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I want to generate a 9 digit unique random string. Currently I am using


But I am afraid it would have a collision very soon. Is there any better way for this or would this be OK?

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Unique in what regards? World wide? In your system? What does "for most part" mean? –  Daniel Hilgarth Aug 16 '12 at 6:48
Are there several sources that will generate the numbers, or will they be created in the same place? –  Fredrik Mörk Aug 16 '12 at 6:48
@Daniel: Unique in my single table. –  Jack Aug 16 '12 at 6:49
@Fredrik: No, this is used for only generating unique 9 character string for document. –  Jack Aug 16 '12 at 6:50
@Jack: If you are ok with a (part of a) GUID, which is a hexadecimal number, why is a running hexadecimal number not sufficient? –  O. R. Mapper Aug 16 '12 at 6:54

3 Answers 3

up vote 4 down vote accepted

If you take a sub string of a GUID you are not guaranteed randomness uniqueness at all.

See my answer to a older SO question to fulfill your randomness requirement. Here is the basic code to do it.

public static string CreateRandomString(int length)
    length -= 12; //12 digits are the counter
    if (length <= 0)
        throw new ArgumentOutOfRangeException("length");
    long count = System.Threading.Interlocked.Increment(ref counter);
    Byte[] randomBytes = new Byte[length * 3 / 4];
    RNGCryptoServiceProvider rng = new RNGCryptoServiceProvider();

    byte[] buf = new byte[8];
    buf[0] = (byte)count;
    buf[1] = (byte)(count >> 8);
    buf[2] = (byte)(count >> 16);
    buf[3] = (byte)(count >> 24);
    buf[4] = (byte)(count >> 32);
    buf[5] = (byte)(count >> 40);
    buf[6] = (byte)(count >> 48);
    buf[7] = (byte)(count >> 56);
    return Convert.ToBase64String(buf) + Convert.ToBase64String(randomBytes);

it gives you 12 digits of counting to prevent collisions and any additional digits you want of randomness. you can modify the code as you want to make shorter than 12 digit strings.

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Cool. You're the man :) –  Jack Aug 16 '12 at 7:01
As the OP meanwhile confirmed in the comments on the question that a running (hexadecimal) number is sufficient, I think random in the question is simply meant to express arbitrary, not true randomness in the mathematical sense. –  O. R. Mapper Aug 16 '12 at 7:02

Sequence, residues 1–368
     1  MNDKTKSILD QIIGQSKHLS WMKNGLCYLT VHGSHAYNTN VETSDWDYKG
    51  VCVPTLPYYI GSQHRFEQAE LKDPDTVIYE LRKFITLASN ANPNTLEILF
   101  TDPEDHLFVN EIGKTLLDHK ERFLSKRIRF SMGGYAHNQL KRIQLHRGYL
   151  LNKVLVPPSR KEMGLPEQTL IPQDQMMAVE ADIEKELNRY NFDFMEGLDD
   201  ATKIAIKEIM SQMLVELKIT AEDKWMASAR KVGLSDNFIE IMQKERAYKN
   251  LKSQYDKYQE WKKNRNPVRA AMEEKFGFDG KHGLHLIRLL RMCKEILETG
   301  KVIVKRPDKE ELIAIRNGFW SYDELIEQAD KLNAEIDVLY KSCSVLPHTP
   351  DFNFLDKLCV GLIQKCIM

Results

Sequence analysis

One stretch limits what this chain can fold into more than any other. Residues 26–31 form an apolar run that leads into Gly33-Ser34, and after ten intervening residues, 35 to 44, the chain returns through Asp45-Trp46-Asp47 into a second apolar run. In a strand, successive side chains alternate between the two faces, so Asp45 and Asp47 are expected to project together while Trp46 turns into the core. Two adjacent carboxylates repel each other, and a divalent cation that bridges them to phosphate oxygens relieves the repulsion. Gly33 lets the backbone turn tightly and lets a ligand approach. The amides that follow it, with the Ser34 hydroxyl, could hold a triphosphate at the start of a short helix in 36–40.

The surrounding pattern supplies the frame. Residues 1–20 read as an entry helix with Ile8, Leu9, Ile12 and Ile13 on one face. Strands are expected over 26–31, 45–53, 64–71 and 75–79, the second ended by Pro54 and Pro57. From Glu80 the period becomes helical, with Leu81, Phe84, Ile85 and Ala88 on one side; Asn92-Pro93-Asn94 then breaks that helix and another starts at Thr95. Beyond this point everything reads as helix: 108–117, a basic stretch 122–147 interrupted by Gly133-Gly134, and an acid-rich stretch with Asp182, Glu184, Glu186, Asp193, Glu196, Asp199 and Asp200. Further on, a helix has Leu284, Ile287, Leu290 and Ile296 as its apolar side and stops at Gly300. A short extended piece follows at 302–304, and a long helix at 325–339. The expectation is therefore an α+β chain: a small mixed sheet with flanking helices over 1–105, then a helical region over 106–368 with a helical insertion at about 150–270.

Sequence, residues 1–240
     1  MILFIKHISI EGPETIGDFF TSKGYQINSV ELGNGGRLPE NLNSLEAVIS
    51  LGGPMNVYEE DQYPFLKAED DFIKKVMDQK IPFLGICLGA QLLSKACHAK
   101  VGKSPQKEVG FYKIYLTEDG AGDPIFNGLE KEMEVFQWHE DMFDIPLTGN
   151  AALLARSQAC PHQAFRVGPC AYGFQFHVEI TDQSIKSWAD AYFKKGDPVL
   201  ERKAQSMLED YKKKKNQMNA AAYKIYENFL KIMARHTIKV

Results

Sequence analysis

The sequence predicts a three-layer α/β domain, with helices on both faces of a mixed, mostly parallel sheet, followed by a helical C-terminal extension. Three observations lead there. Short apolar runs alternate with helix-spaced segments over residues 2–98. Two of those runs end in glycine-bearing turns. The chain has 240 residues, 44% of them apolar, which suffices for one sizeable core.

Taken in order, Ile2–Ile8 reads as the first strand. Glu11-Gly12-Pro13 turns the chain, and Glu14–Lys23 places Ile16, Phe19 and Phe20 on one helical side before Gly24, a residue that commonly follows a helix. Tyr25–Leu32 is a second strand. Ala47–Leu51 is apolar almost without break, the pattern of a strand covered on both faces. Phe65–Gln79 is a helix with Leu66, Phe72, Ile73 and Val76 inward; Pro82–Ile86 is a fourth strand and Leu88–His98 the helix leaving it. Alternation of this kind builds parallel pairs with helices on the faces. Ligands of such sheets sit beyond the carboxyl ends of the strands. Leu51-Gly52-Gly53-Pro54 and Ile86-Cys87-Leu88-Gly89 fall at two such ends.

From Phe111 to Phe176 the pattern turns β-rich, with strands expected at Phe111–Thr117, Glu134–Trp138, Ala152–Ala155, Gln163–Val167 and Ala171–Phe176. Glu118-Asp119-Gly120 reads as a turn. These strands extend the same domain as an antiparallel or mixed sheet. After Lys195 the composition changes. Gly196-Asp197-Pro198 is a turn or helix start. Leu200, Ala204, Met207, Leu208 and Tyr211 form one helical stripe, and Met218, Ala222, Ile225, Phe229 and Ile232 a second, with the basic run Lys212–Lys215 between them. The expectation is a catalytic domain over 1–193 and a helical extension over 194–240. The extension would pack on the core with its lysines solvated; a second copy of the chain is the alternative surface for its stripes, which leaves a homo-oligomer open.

@OR Mapper: Yeah hexadecimal will do and even truly random will do. In short I didn't want a running number starting from 000000001. –  Jack Aug 16 '12 at 7:04
@Jack: But you said so above: @O. R. Mapper: Yeah that would do. Note that 000000001 is (also) a hexadecimal number. –  O. R. Mapper Aug 16 '12 at 7:04
@OR Mapper: I still say that would do and even truly random will do. I don't want my number to be as 000000001. I want that to be abcdefcde. –  Jack Aug 16 '12 at 7:07

I've decided to answer my own question since this is the simplest answer that I found. Credits to c# random string generator

    private static Random random = new Random((int)DateTime.Now.Ticks);
    private static object locker = new object();

    private static string RandomString(int size)
        StringBuilder builder = new StringBuilder();
        char ch;
        for (int i = 0; i < size; i++)
            lock (locker)
                ch = Convert.ToChar(Convert.ToInt32(Math.Floor(26 * random.NextDouble() + 65)));

        return builder.ToString();
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Why are you using Convert.ToInt32(Math.Floor(26 * random.NextDouble() + 65)) instead of random.Next(65,91)? However this in no way guarantees uniqueness, per your original requirements. you are just relying on luck to not get the same number twice. –  Scott Chamberlain Aug 16 '12 at 12:50
@Scott: Thanks for suggesting. The problem is I tried your method but it either gives 8 digits or more due to Base64. I tried all combinations. I want exact 9 characters. Can you please suggest how do I change your method? –  Jack Aug 16 '12 at 15:35

Well, with GUID, it is guaranteed to be globally unique, but only as a whole. You can't assume randomness about a substring of the entire GUID.

Moreover, if you are generating from the same source, there WILL be collisions in substrings because the algorithm uses some of the same variables, for instance the computer's MAC address although I'm not entirely sure about that one. It suffices as an example though.

So if you want to create random strings from substrings of GUIDs, you have to keep track of all the previous GUIDs to make sure there are no collisions. You would get a Las Vegas algorithm.

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Here is the IETF v1 implementation of the UUID spec. Section 3.1.2 shows exactly what bits represent what. –  Scott Chamberlain Aug 16 '12 at 7:05

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